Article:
The Cardinals have a roomful of tough guys, and they took turns flexing their muscles against the Braves. In Game 2, with the incomparable Maddux on the mound, Gary Gaetti busted the game open in the seventh inning with a grand slam that carried St. Louis to an 8-3 win. Atlanta then sent Glavine, last year's World Series MVP, to the mound in Game 3 as the action moved to St. Louis. He would have gotten the Braves even, were it not for his old pal Ron Gant. Two years ago Gant broke his leg in an off-season dirt-bike accident, and he was released a month later by Atlanta. The leg healed; Gant's bitterness about the Braves' decision to dump him remains. Last season, as a member of the Cincinnati Reds, he met up with his former club in the playoffs and was blinded by thoughts of revenge. He hit .188 with one RBI as Atlanta swept Cincinnati in a Division Series. "Last year I tried to do too much," said Gant after Saturday's game. "I wanted to beat them myself, to hit a home run every time up. It hurt me more than it helped. My feelings were so deep that I tried too hard. This year I've calmed down and made adjustments."
Glavine allowed three runs, all of them on Gant home runs—a two-run shot in the first and a solo blast in the sixth. The Cardinals held on for a 3-2 victory. It was a sweet day for Gant, who lives in Atlanta in the off-season and keeps what's left of his dirt bike in his garage. "Just a reminder of what happened and how my life has changed," said Gant. "That accident was a blessing. It opened my eyes and taught me not to take anything for granted. This is such a humbling sport."
While in St. Louis, the Braves didn't have to flip a motorcycle to feel humble. They just had to go outside. With their hotel only a couple of blocks from the stadium, they walked home after getting knocked off in Games 3 and 4. The rabid Cards' fans, draped in red and smelling blood, did not waste the chance to taunt the wounded champs. "It was like walking through' a sea of red," said Smoltz.
Atlanta had to wonder what strange force it had encountered when it lost Game 4 and fell behind three games to one. Denny Neagle, who had been a bust since the Braves acquired him in a deal with the Pittsburgh Pirates on Aug. 28, made his first postseason start and turned in his best performance in an Atlanta uniform. Neagle held the Cards hitless until the fourth inning and left in the seventh with a 3-0 lead, but with runners on first and second. Braves manager Bobby Cox brought in middle reliever Greg McMichael, who was eaten alive by the Redbirds.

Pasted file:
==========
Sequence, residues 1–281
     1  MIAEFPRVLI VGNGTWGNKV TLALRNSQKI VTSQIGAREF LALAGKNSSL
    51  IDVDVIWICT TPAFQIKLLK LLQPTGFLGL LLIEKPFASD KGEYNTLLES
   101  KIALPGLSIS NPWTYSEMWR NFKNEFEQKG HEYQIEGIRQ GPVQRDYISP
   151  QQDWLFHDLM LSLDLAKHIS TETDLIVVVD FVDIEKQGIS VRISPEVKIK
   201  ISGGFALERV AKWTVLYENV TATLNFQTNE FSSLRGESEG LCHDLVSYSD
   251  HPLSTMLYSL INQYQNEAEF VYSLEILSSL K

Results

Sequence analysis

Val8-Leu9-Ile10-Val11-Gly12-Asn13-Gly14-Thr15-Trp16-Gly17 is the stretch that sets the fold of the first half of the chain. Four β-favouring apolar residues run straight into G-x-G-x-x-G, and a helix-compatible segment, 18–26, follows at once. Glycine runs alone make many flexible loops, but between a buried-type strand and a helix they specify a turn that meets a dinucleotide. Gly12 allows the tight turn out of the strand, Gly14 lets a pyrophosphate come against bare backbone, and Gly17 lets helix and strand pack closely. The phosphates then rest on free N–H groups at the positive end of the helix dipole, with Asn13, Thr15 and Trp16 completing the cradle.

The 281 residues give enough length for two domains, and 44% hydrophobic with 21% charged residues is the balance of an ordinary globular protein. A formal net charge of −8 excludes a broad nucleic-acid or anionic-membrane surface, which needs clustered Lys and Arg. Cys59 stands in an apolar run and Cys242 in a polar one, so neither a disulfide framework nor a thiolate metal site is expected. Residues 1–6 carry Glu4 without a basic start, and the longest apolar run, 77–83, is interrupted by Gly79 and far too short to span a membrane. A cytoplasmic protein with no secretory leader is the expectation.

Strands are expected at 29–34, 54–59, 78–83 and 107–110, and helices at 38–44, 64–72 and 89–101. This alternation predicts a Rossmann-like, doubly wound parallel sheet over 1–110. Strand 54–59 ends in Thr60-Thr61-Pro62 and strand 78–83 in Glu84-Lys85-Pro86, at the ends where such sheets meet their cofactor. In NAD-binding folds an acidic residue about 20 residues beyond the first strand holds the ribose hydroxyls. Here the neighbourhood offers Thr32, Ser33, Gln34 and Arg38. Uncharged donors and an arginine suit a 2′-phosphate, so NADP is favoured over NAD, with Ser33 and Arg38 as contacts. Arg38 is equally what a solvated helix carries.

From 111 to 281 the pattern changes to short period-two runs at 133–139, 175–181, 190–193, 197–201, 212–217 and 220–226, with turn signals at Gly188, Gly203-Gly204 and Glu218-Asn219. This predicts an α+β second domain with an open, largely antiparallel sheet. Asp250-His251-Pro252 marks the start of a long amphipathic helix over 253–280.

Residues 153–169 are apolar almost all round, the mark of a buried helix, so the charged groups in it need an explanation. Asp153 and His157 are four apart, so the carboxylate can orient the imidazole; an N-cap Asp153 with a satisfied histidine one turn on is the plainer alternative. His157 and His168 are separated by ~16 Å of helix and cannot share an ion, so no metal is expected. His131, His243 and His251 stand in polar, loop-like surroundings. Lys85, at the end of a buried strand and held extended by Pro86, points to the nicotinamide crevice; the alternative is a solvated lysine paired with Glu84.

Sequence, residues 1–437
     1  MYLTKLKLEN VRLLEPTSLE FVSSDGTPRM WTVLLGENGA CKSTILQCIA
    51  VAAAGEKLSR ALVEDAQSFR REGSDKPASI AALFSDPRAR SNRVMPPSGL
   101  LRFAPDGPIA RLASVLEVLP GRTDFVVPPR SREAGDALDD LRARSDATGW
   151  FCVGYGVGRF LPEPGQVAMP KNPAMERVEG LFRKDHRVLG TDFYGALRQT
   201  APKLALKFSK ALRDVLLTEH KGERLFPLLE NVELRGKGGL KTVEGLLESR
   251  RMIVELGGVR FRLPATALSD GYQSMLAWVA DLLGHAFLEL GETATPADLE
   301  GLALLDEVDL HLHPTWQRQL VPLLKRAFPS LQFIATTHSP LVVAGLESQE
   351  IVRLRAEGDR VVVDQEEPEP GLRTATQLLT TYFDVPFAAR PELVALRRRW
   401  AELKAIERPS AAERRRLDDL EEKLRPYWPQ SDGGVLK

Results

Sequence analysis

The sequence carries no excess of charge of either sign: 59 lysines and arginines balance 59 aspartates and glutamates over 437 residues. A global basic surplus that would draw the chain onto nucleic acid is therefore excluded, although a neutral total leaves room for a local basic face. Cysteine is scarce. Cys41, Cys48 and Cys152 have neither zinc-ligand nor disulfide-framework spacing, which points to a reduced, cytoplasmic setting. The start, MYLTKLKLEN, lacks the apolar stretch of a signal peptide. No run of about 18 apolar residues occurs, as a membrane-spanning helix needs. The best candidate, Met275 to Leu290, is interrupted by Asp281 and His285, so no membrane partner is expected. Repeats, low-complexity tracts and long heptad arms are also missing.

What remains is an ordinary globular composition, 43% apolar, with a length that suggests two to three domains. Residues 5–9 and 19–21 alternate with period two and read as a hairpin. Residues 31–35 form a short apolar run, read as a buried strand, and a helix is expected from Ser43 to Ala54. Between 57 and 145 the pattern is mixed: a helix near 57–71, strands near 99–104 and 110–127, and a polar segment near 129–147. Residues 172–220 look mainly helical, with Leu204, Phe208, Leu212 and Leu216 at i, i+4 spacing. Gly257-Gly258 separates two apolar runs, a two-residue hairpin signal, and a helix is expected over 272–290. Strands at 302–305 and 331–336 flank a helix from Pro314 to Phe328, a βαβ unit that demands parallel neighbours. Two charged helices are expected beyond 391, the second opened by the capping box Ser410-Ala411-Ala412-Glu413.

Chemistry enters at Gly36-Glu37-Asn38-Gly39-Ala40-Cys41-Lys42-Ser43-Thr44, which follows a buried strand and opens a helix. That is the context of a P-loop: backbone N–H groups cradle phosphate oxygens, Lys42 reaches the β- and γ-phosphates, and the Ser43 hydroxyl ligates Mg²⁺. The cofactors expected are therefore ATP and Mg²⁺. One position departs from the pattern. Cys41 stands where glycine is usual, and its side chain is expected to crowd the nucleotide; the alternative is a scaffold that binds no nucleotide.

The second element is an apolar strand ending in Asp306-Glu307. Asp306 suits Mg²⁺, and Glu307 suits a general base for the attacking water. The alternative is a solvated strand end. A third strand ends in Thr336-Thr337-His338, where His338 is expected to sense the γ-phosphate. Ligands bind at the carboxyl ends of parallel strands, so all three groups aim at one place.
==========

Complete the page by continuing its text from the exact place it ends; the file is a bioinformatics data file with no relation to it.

With two on and two out, La Russa called on the 23-year-old Young to pinch-hit. Young had all of 29 at bats in the big leagues. He had seven hits, all singles. Naturally, he lasered a triple to the wall in left center, driving in two runs. Royce Clayton followed with an infield single to tie the game. "Tony is amazing," St. Louis reliever Tony Fossas said of his skipper. "I mean, Dmitri Young? You figure it out. All I know is that it was a great move."
What did Cox think of Young's dramatics? "McMichael threw him a fastball out over the plate," said the Braves' manager, "and he knocked the s—-out of it. It's frustrating, and it just pisses you off that you didn't win the game."
It was especially frustrating for the vaunted Atlanta pitching staff. While the Braves' starters were not as dominating as they had been in playoffs past, they pitched well enough to win. The Cards hit just .220 and scored just 12 earned runs. Take away Gaetti's grand slam, and the Braves, with any offense at all, could have swept. But since the start of the playoffs the Atlanta bats have been as silent as Susan McDougal. The Braves hit .180 against the Dodgers and .235 in the first four games of the Championship Series, with a postseason total of just eight home runs. Cleanup man McGriff had only one single in his first 13 at bats and appeared to be playing with all the passion of a man on work release.
The Cardinals' batters were not making anyone forget the muscular American League either, but they made their hits count and ran the bases as if they were being chased by wild dogs. Luck was on their side, and so was emotion. Their cleanup man, Jordan, came to the plate in the eighth inning of Game 4 with the score tied, and everyone in the ballpark sensed that something was about to happen, something positive for the Cards. "As good a clutch RBI guy as I've seen," Gaetti, the 15-year veteran, said of Jordan.
Jordan took McMichael over the leftfield fence and into the Cardinals' bullpen as Busch Stadium exploded. After a brief scare, little Bryson Jordan was fine. On the other hand, though they staved off elimination the next night, the Braves headed back to Atlanta still feeling slightly overwhelmed.